|August 22, 2014, 07:11||
Laptop configuration for GPU computing
Join Date: Jun 2014
Posts: 21Rep Power: 3
I am planning to buy a new laptop and I have just picked up some interest in GPU computing for it's applications in CFD. I had planned to buy a laptop with 2 gb graphics card, but now I am thinking about buying a 4 gb one. Should I make the extra investment? Also is CUDA supported on NVIDIA GeForce GTX 850M? I will begin to learn CUDA once I get the laptop.
What might be the best specification for a beginner like me.
|August 30, 2014, 06:27||
Join Date: Aug 2014
Posts: 129Rep Power: 2
GPU computation is worhtless in current CFD state. Eventhough if you want to use it you should go to a QUADRO card which would cost thousands of euros.
Why do yo say a 4GB video card is better than a 2GB video card? It has barely nothing to be with each other.
Last thing, a laptop for computing? nonsense
|August 30, 2014, 12:56||
Join Date: Mar 2009
Location: Lisbon, Portugal
Blog Entries: 34Rep Power: 84
Greetings to all!
@Divyaprakash: If the laptop is meant to be used for academic development of CFD code using GPU, then the more memory equates to bigger meshes or more equations that can be solved.
The downside is that sometimes a card that provides more memory, might be using older RAM, such as DDR3, instead of GDDR5. This means that even though you can have more memory, you can't have as much speed using the memory.
But as "ssss" indicated, using a laptop for hard-core CFD is not advisable. Because for the same price of a laptop, you could get a desktop computer that is 2 or 3 times more powerful.
As for NVidia graphics cards that support CUDA, I think they have a list for that somewhere online. Try searching for:
nvidia CUDA-ready cards
|October 15, 2014, 11:34||
OpenCL or CUDA GPUs
Join Date: Oct 2014
Posts: 1Rep Power: 0
Well firstly I would like to remove your misconception that NVidia cards only do GPU computing it is place where their proprietary language CUDA works. Although GPU such as AMD, intel HD series cards are also build for compute processing. Besides they can be programmed using OpenCL, by programming OpenCL you code becomes portable to NVdia, AMD, Intel GPUs also multicore CPU and intel Xeon phi.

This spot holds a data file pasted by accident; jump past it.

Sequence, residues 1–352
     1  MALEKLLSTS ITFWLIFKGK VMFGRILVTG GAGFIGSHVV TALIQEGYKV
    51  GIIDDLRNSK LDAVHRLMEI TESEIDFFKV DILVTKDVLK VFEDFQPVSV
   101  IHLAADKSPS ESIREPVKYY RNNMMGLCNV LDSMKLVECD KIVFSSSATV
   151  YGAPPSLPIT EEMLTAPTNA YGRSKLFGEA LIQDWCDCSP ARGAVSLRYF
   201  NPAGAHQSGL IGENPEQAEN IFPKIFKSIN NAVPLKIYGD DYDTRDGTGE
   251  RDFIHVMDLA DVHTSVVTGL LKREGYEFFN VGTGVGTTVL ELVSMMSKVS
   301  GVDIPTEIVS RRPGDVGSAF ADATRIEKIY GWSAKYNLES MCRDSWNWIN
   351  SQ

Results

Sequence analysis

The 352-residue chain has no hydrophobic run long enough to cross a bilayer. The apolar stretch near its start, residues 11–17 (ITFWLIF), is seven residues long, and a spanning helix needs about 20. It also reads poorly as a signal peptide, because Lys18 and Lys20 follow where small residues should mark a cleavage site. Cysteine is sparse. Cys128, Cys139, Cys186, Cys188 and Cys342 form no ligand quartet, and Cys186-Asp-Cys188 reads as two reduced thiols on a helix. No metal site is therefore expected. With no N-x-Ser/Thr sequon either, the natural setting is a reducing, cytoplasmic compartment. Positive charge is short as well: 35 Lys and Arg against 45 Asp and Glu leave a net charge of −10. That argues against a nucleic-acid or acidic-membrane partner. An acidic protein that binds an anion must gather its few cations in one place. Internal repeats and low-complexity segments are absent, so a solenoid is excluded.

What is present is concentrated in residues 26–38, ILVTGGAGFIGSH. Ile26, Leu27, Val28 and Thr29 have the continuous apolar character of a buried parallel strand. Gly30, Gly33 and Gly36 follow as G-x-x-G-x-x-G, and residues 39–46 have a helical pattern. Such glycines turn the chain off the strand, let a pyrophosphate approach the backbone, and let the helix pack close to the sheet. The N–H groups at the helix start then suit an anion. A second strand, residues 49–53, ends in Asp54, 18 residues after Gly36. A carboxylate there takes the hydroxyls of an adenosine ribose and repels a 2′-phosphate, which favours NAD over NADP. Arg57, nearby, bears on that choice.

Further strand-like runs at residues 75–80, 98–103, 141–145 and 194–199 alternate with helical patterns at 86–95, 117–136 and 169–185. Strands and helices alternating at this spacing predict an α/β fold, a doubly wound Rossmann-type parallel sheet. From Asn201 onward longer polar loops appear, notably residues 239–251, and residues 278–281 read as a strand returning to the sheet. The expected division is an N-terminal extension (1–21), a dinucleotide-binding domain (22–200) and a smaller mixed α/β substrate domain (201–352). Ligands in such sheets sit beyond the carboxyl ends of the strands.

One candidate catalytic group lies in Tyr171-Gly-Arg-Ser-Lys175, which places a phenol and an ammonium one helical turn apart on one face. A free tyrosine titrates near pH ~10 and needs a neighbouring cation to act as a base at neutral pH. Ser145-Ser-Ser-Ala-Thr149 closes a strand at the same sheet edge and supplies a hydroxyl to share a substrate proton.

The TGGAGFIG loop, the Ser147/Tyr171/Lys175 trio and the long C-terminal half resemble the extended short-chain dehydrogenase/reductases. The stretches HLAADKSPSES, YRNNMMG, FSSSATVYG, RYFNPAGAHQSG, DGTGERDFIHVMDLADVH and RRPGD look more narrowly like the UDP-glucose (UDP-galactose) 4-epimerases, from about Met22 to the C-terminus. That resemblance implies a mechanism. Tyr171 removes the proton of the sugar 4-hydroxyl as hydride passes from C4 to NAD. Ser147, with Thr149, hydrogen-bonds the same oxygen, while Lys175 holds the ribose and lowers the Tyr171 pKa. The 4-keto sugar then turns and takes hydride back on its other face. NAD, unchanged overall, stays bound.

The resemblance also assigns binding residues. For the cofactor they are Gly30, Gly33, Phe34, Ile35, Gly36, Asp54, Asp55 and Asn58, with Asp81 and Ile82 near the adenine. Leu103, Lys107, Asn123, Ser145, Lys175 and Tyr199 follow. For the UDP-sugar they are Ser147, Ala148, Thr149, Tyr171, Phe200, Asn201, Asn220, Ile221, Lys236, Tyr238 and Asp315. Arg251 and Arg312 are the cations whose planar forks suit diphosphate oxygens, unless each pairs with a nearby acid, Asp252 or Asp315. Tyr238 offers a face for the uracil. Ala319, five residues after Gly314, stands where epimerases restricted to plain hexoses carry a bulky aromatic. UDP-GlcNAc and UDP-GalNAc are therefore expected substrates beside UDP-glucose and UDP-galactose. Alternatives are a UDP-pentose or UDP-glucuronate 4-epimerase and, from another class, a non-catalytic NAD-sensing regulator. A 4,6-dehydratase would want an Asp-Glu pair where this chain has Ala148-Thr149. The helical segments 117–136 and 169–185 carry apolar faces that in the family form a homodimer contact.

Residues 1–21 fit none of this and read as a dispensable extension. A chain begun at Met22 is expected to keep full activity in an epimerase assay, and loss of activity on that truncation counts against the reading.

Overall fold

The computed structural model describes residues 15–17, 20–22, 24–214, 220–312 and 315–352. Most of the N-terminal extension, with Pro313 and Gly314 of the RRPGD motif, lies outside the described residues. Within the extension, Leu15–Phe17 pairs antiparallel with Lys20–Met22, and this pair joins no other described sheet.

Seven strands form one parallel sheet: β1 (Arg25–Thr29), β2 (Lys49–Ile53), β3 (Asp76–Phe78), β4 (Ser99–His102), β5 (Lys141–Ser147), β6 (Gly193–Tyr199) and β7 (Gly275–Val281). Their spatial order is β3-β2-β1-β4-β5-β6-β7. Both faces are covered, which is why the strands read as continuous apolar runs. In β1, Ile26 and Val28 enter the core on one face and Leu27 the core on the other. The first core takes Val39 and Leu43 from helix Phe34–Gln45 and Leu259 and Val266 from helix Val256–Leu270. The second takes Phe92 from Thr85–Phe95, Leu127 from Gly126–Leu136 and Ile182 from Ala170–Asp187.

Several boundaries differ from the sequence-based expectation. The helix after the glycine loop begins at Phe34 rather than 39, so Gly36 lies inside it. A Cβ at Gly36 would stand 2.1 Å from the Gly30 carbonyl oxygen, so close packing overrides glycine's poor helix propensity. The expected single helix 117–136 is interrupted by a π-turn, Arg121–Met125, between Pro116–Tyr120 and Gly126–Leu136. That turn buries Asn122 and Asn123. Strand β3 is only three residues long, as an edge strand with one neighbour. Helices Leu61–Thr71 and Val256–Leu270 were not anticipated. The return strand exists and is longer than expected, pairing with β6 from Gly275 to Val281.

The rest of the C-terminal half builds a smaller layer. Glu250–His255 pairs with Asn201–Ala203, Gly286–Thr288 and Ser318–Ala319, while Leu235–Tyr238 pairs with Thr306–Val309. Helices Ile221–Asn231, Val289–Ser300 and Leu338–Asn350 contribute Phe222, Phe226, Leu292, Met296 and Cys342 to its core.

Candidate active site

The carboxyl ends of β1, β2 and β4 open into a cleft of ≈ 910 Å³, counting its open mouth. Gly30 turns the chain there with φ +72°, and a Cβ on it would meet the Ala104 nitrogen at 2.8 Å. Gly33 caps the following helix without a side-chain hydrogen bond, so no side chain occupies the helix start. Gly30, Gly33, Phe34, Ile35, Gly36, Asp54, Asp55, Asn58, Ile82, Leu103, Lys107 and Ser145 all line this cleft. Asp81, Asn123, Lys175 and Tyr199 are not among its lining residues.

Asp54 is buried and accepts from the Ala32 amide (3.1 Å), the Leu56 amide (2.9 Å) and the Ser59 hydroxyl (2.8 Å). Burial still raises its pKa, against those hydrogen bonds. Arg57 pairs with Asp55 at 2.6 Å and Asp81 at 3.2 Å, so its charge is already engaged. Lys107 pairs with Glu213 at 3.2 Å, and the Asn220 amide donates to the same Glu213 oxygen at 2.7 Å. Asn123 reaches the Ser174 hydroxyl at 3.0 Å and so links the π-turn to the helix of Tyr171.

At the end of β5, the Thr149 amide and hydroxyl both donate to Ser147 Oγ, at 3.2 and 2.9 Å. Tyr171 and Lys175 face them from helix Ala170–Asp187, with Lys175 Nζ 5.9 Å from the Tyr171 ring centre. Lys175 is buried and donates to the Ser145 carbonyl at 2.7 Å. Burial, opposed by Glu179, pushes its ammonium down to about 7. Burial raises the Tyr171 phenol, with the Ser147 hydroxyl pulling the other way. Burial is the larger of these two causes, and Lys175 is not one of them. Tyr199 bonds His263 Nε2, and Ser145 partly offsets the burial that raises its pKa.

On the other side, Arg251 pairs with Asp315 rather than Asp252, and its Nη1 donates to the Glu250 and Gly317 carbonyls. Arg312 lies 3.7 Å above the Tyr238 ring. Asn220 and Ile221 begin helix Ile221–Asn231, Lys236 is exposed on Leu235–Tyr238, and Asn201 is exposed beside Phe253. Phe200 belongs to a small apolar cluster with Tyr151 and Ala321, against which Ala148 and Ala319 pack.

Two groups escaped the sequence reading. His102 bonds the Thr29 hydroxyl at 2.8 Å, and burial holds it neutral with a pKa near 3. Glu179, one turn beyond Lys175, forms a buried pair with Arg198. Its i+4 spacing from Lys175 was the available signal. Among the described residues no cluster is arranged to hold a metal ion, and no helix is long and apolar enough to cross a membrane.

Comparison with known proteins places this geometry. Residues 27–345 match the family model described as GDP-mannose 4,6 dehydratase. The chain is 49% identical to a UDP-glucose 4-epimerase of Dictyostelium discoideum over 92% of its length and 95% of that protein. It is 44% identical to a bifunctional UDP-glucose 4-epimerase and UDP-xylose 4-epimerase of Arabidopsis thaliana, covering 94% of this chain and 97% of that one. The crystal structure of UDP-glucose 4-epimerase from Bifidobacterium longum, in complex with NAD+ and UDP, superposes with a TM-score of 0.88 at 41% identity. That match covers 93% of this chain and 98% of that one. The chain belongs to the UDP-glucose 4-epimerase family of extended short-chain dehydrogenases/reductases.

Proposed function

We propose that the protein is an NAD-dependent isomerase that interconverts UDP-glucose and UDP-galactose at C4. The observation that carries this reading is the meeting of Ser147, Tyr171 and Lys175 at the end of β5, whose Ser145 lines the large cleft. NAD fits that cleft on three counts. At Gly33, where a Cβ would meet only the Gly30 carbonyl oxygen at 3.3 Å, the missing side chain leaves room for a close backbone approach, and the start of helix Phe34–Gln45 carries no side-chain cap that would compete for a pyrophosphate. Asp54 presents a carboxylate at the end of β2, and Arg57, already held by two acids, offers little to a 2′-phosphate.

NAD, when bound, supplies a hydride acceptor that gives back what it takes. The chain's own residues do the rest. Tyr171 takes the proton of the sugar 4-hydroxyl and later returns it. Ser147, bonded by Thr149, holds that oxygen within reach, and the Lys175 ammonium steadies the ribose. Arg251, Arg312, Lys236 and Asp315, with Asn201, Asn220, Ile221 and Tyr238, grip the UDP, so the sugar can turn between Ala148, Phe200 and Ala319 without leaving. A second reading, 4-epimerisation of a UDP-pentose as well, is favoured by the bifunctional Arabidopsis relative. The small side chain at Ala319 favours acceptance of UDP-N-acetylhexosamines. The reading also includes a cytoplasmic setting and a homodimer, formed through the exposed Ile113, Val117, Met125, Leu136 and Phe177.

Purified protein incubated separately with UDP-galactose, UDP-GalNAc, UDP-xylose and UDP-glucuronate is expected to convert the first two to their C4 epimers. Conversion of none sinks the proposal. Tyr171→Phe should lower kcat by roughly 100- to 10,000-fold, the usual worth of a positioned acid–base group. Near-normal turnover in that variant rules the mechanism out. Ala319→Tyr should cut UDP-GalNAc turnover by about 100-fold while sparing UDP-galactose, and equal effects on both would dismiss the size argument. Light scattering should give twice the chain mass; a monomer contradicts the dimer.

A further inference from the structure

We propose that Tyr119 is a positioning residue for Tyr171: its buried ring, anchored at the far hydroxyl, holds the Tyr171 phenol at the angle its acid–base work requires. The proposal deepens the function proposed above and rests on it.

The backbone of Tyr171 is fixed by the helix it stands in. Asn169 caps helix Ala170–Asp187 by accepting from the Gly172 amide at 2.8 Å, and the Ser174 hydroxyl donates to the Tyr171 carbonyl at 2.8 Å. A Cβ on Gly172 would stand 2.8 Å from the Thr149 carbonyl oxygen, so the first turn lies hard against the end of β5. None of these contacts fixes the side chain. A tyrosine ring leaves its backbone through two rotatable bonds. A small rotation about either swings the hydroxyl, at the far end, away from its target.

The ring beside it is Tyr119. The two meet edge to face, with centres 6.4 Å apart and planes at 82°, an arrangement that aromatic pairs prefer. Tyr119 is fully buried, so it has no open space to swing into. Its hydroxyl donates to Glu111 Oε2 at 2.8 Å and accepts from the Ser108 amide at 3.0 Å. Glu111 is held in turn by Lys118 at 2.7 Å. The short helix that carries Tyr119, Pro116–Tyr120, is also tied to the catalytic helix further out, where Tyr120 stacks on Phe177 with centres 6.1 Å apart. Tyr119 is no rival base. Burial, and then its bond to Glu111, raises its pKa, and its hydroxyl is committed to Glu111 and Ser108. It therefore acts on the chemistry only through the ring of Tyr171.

Considering your choice of doing GPU development on laptop isn't wrong, its better to have a portable hardware available with you anytime & everywhere.
If you are looking to only develop you applications on laptop and then run it on a server class GPU then it's a fair choice but if you are looking for running simulations on laptop then its a bit difficult. Apparently some one suggested to select Quodro GPUs, well actually Quodro GPU have less cuda cores than GForce although quodro's are more expensive than the former. Quodro's are mainly developed for visualisation and professional graphics while GForce are for gaming but Gforce are good for development as they have more CUDA cores so you get more compute performance the choice is always yours.
Apparently the class of GPU you looking is made for Gaming although all GPU (NVidia) presently supports CUDA & OpenCL, but problem with gaming GPU is they have few double precision floating point units on them and the application you planning to run are mainly CFD that demands deeper precision.
If you are seriously looking for both of worlds as in, development and simulating on same GPU then I would suggest go for desktop class GPU mainly higher range Quodro or a Tesla. Besides if you are considering OpenCL development then I would recommend AMD for GPU computation, recently they launched S series GPU with far better double precision performance than the current generation quodro and Tesla and also they support OpenCL 2.0.
Hope this helps.
|cuda, gpu, graphics card, laptop, specifications|
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